-- Walter Bagehot, 19th century British journalist and essayist.

In the last several issues of the Lowdown, we've expounded on many outrages that are relentlessly pounding America these days, but people can absorb only so much outrage. So, in this start-of- summer issue, we want to give you a small break by going with a lighter touch on some of the political and economic absurdities around us. Also, let's not forget that even in the midst of a season of madness, many uplifting progressive advances are being made in our country, and we'll celebrate a couple of them with you this month.

Changing channels

Worried by the unstoppable power of right-wing talk shows that have huge, ever-growing audiences? Well, chill.

It hasn't received much notice by the mass media, but the masses are drifting from the Becks, Hannitys, and Limbaughs. Their listenership/viewership was never as big as the right made it seem--for example, in a nation of 310 million people, Bill O'Reilly (the top dog among cable TV's right-wing growlers) peaked at about three million viewers. For a bit of perspective on that number, "Deadliest Catch" the cable show about Alaskan crab fishing crews, draws some five million viewers.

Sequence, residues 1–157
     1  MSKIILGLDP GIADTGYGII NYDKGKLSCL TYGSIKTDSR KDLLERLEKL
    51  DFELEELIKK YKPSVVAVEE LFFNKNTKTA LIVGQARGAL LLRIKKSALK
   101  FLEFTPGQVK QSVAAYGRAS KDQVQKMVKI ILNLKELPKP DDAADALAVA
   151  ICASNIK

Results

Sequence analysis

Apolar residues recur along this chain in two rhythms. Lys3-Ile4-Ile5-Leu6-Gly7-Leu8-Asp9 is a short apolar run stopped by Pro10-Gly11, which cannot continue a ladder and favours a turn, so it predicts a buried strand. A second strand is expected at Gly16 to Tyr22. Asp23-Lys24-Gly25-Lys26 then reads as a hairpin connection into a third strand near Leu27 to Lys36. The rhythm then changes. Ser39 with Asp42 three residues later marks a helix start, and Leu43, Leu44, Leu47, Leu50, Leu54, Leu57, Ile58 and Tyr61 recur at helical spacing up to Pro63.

In the past year, the Big Mouth himself, Rush Limbaugh, has lost a third of his radio audience. Likewise, Sean Hannity's radio listenership has dropped by 28 percent since last fall, and Glenn Beck has lost entire markets for his radio broadcasts.

Fox TV is also slipping, with Hannity, O'Reilly, and Van Susteren suffering significant decreases--and the weepy and weird Beck is not only losing audience and sponsors, but even his Fox show.

Meanwhile, Jon Stewart's openly progressive "Daily Show," which spoofs the news, has enjoyed a 19 percent increase in its audience this year.

How to vote... Or else

The Koch boys, Charles and David, are nothing if not helpful. With altruistic hearts, the billionaire industrialists are using their vast wealth and power for the philanthropic purpose of helping convert America into a rich corporate plutocracy.

In April, ThinkProgress uncovered a handy how-to-vote packet that had been sent from Koch headquarters last October to the 50,000 Americans working for the conglomerate. "For the first time ever," it proudly proclaimed, "we are mailing [several] helpful items to the home addresses of every US employee."

Hmmm, thought many recipients of the missive, the boss knows where I live. What's up with this?